Not being able to understand each other’s words is difficult. But the communication challenges can be even greater if you do not speak the same design language. Words can always be translated by an interpreter. Translating the language of design, however, poses entirely different kinds of challenges. One pair of eyes sees a wooden framed chair that should be covered with a piece of cloth. Another pair of eyes sees the same wooden frame as a beautiful element in itself, the core of an elegant piece of furniture.
It is our ambition to disseminate the knowledge of the rich, but often overlooked, craft tradition found in Egypt, while at the same time spreading knowledge of the Danish furniture –making tradition.”Hans Christian Korsholm Nielsen
Former coordinator, Danish-Egyptian Dialogue Initiative
Many Egyptians find the Scandinavian minimalist style of Danish design to be like food without salt. On the other hand, many Danish designers find Egyptian furniture heavy and bulky. In heavy furniture is viewed as a sign of wealth. In Danish it means only ’difficult to move.’
The Danish-Egyptian Dialogue Initiative in Cairo was a test of cultural bridge-building. The challenge for this new project was to create a fruitful design dialogue.
The dialogue project brought together Danish students from The Royal Danish Academy of Fine Arts Schools of Architecture, Design and Conservation (KADK) with Egyptian designers and furniture manufacturers. The purpose was to explore whether they could find some common ground in the field of design.
In November 2018, the Danish students visited manufacturers, museums and universities. They also participated in workshops about local craftsmanship in order to obtain inspiration for new designs and concepts.
The ambition was to develop new prototypes and production methods that could retain the Egyptian craft tradition while still appealing to the European eyes.
‘Our ambition with the project is to give the students inspiration for their future work and to communicate the rich, but often over looked, craft tradition found in Egypt, whilst we spread knowledge of the Danish furniture tradition,’ explained Hans Christian Korsholm Nielsen, former coordinator for Danish-Egyptian Dialogue Initiative.
‘In addition to this, we hoped that the cooperation would lead to the development of new techniques that can be used by the manufacturers in the future, and the design of furniture that is sellable in both Egypt and Denmark.’
In reality, it was a meeting of three cultures. In the Egyptian museums, the pharaonic furniture design, with its soft curves and detailed ornaments, has its very own unique expression.
Ironically the Danish designers found much inspiration for minimalism in ancient Egyptian furniture, while contemporary Egyptian design has its roots in the 18th and 19th century European Louis Seize style. The exchange of ideas is thus far from new.
We want to reach beyond tradition
The Danish students returned to Copenhagen to convert the Egyptian tradition into new furniture designs. After finishing their sketches, they sent them to a furniture manufacturer in Egypt who began production. In January 2019, the students returned to Egypt to review the final details with the manufacturer. The finished furniture was put on display at a gallery in Cairo. Subsequently, several of the students have remained in contact with the Egyptian manufacturers, and two of the pieces are being put into production. One is a chair to be marketed in Egypt. The other piece is a stool that will be produced in Egypt and sold in Denmark.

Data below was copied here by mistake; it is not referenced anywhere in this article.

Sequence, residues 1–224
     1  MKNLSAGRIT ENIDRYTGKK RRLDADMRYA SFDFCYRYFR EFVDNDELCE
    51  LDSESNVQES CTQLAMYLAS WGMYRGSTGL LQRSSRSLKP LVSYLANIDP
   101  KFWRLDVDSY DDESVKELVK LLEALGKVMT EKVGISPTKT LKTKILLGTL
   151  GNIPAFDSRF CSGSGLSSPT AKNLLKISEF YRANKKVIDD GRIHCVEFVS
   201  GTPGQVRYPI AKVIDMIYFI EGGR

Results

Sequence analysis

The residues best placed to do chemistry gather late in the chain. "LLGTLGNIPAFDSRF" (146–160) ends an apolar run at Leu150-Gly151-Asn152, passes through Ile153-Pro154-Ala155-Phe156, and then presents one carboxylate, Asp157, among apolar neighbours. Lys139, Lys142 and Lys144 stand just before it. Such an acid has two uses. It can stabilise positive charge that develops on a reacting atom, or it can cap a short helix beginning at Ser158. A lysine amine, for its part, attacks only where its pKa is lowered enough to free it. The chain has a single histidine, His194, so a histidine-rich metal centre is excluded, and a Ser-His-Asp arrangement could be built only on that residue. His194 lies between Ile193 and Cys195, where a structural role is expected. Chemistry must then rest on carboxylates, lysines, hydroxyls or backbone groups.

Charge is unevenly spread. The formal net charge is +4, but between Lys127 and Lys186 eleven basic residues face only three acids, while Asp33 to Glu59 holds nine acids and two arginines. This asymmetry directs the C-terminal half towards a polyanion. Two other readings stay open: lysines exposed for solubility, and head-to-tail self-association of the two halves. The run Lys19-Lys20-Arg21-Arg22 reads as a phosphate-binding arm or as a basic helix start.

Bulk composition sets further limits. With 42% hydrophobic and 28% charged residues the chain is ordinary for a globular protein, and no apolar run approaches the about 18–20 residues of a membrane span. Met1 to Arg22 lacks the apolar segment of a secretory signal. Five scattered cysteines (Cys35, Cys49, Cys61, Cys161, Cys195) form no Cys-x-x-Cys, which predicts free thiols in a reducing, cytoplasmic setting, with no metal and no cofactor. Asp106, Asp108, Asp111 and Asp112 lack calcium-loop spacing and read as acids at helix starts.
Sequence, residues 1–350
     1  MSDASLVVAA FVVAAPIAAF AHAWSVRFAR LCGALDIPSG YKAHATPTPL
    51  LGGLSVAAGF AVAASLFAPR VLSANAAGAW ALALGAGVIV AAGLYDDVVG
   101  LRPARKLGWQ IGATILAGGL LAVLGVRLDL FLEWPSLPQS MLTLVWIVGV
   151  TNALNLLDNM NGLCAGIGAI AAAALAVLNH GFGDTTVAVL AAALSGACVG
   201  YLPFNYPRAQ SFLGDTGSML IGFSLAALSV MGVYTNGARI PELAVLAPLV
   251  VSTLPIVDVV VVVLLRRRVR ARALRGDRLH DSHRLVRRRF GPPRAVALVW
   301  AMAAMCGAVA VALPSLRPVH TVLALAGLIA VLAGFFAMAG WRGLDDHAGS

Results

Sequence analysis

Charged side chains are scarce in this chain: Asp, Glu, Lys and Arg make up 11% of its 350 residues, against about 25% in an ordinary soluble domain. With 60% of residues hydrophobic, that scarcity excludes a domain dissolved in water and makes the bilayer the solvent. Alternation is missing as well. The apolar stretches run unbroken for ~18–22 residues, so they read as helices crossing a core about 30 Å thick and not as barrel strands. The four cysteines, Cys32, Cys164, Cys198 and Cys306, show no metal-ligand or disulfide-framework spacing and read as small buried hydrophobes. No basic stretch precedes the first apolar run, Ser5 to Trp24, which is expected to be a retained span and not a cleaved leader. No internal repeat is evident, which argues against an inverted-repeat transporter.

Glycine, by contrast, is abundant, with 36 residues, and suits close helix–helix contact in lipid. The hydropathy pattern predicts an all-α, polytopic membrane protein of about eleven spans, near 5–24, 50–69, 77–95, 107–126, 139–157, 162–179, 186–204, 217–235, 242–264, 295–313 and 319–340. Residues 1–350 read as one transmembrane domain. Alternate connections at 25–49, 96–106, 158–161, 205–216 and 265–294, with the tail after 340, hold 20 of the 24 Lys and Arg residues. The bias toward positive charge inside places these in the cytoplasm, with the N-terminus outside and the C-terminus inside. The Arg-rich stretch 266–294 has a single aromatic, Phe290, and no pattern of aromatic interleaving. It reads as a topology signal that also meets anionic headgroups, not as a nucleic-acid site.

The design cross-fertilisation potential goes both ways. Ikea furniture has become very popular with Egyptian young people, and this has generated a growing interest in Scandinavian design. At the same time, there may also be a market in Europe for Egyptian furniture using traditional crafts and sustainable materials.
‘I hope this will lead to a more permanent cooperation,’ says Ahmed Bedair. Bedair is an Egyptian designer and manufacturer who makes furniture and other products out of palm ribs, the strong stems of the palm leaves.
‘We try to support and develop the local crafts. We want to reach beyond our own traditions so that they can be sold on the European market. This is why it is such an extraordinary opportunity for us to be working with Danish designers,’ he says.
The new furniture is a visible result of the project. But for Danish students, it is about much more than that, as teacher Grethe Weber explains.
‘What matters is not whether the experiments succeeded perfectly. The most important thing is the process and the reflections that it initiates. For example, the project gives students an idea of what it takes to get their products into other markets and how to communicate their ideas to people elsewhere in the world. This has become absolutely crucial in a globalised world,’ she says.
Below are some of the furniture pieces that was produced during the Danish-Egyptian design collaboration: